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Even Elon Musk Can't Tweet What He Wants?

(Image Credit Google)
One federal judge in New York District Court rejected Musk's bid to invalidate the more than four-year-old consent order in April 2022. However, the multihyphenate CEO's appeal was turned down on Monday. In the most recent decision, three additional judges rejected Musk's attempt to avoid SEC scrutiny and responsibility for his posts.

“We have considered Defendant-Appellant’s remaining arguments and find them to be without merit. Accordingly, we AFFIRM the judgment of the district court,” the three-judge panel wrote in their Monday filing. In accordance with this ruling, Musk is still required to have a Tesla lawyer review certain content he wants to post online, or face potential investigation and consequences.

Which means even owning Twitter hasn’t freed Musk from legal restrictions on his tweets. Though he may be Twitter CEO (at least for the next few weeks until Linda Yaccarino presumably takes his place), Musk remains beholden to powers even beyond that of “Chief Twit.”

Elon Musk

Can't Even Elon Musk tweet what he wants?

All of this started with a pretty foolish '420' tweet from 2018, which Tesla CEO Musk insisted had nothing to do with marijuana. "Am thinking about going private with Tesla at $420. On August 7, 2018, he infamously tweeted, "Funding secured." However, it appears that neither the Tesla board nor the investors were made aware of the concept. Following a debacle, the SEC intervened, trading was paused, and the price of Tesla's stock surged. According to the examination conducted by the government inspector, no formal agreement to privatize Tesla was ever reached. Musk was charged with fraud by the SEC. The billionaire was had to retire as Tesla's chairman as part of a settlement, while he kept his position as CEO, and both he and the business were required to pay separate $20 million fines. Musk also agreed to a consent decree that would prevent him from saying anything that would materially affect the value of Tesla's stock. According to the agreement, Musk is required to have a business counsel examine any tweets he makes on Tesla operations before he posts them. Also Read: Following the online source code breach, Twitter is preparing The terms of the initial settlement are still in effect, despite the fact that Musk later prevailed in his securities fraud case earlier this year and a jury deemed him not accountable to investors for their losses.What were the judges' opinions? Advertisers threaten to boycott Elon Musk's acquisition of Twitter The federal appeals judges do not, however, believe that the second-richest man on Earth is being unjustly silenced, harassed, or denied freedom, according to the Monday decision. "We see no evidence to support Musk's contention that the SEC has used the consent decree to conduct bad-faith, harassing investigations of his protected speech," the panel stated. The SEC's power to enforce the deal Musk voluntarily signed is unaffected by the possibility that the consent decree "provide[d] broader relief than the court could have awarded after a trial." In essence, citizens are permitted to sign away part of their First Amendment rights through consent decrees. And when Musk accepted the terms of the SEC settlement, he did so knowingly. Musk had the option to litigate and defend against the [SEC's] accusations or to negotiate an alternative arrangement if he had intended to maintain his freedom to tweet about certain Tesla-related matters without even minor internal monitoring, but he opted not to do so.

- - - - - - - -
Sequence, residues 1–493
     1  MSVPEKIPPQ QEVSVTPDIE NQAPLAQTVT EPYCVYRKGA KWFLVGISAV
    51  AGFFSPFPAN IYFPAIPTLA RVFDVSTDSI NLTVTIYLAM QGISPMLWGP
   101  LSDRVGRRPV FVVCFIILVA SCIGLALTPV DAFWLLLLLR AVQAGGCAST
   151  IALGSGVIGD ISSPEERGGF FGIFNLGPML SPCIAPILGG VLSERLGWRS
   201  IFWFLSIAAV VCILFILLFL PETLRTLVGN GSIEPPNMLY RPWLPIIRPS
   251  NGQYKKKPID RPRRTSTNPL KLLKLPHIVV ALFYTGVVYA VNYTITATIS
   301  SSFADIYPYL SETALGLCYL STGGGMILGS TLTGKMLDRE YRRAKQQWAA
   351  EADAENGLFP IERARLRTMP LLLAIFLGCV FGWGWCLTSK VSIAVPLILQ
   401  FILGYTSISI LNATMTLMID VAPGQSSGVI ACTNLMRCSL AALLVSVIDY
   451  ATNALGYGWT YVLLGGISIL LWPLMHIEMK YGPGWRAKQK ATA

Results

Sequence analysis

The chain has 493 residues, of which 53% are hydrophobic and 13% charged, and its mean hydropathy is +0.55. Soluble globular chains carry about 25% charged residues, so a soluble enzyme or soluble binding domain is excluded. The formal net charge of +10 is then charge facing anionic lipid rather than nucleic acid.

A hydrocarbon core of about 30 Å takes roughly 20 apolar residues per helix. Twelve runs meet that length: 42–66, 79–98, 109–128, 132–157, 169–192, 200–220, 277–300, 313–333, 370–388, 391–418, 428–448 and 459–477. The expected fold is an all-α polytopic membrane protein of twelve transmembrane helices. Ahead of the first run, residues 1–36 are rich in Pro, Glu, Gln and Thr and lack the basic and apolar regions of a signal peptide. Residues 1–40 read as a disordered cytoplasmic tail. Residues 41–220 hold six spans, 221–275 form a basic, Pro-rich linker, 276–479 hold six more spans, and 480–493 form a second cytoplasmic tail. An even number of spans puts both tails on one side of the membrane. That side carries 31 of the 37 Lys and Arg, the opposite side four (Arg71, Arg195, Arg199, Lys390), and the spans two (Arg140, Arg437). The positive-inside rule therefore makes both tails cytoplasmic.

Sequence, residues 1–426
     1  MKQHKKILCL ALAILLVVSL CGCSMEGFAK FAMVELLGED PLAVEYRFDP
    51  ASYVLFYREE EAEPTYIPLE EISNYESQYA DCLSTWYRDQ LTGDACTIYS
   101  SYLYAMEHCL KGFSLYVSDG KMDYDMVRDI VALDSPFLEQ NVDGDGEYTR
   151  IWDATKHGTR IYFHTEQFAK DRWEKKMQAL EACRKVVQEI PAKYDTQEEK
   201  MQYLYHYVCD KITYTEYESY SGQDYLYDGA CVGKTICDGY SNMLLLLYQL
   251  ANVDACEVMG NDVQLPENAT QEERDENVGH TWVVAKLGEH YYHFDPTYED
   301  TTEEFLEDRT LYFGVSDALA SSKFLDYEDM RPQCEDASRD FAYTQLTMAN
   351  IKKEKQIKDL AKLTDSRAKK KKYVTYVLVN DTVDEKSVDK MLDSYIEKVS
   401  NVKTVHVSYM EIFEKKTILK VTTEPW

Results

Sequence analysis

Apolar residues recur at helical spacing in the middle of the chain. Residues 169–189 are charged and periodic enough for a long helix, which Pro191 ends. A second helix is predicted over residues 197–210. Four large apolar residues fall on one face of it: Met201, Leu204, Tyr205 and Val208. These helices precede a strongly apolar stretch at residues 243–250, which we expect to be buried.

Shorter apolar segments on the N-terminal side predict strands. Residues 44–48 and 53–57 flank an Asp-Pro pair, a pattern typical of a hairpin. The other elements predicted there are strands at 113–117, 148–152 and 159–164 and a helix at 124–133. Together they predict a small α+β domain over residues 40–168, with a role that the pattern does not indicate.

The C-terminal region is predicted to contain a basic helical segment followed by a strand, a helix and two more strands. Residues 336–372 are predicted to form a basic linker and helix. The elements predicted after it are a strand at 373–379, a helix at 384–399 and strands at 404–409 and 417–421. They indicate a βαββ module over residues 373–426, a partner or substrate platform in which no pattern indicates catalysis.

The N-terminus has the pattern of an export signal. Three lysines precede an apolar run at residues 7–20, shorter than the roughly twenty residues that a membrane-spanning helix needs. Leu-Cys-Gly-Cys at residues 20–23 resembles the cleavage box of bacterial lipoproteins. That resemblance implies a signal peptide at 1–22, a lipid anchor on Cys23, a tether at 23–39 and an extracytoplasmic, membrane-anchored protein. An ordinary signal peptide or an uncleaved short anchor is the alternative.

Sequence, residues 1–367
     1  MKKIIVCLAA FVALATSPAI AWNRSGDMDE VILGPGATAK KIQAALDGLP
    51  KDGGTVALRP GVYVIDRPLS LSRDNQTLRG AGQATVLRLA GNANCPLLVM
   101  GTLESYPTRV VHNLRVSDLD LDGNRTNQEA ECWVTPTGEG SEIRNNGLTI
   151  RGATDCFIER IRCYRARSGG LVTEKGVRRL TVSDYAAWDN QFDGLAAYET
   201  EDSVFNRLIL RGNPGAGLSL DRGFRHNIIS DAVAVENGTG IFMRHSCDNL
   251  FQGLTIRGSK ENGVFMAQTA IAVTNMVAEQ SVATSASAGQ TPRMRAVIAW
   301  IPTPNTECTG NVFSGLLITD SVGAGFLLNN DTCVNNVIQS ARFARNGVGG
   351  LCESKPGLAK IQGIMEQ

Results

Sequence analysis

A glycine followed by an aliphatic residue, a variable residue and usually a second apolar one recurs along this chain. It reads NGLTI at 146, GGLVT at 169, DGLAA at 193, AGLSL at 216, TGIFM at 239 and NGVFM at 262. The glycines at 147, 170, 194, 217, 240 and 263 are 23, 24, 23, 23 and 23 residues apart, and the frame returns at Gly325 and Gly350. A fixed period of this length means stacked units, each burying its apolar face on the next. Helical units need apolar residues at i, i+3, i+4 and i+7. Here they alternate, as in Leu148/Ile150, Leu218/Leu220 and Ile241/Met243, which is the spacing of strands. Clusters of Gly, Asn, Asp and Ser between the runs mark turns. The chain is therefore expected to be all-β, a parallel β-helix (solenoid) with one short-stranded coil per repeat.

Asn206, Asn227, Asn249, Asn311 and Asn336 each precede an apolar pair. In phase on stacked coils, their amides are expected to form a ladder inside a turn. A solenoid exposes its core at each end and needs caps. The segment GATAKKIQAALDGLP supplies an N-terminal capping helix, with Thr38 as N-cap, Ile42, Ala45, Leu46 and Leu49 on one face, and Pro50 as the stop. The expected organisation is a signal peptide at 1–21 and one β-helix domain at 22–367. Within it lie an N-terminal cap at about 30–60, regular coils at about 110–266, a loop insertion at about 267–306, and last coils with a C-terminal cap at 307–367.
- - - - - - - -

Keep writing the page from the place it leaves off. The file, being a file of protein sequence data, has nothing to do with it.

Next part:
By Raulf Hernes

If you ask me raulf means ALL ABOUT TECH!!


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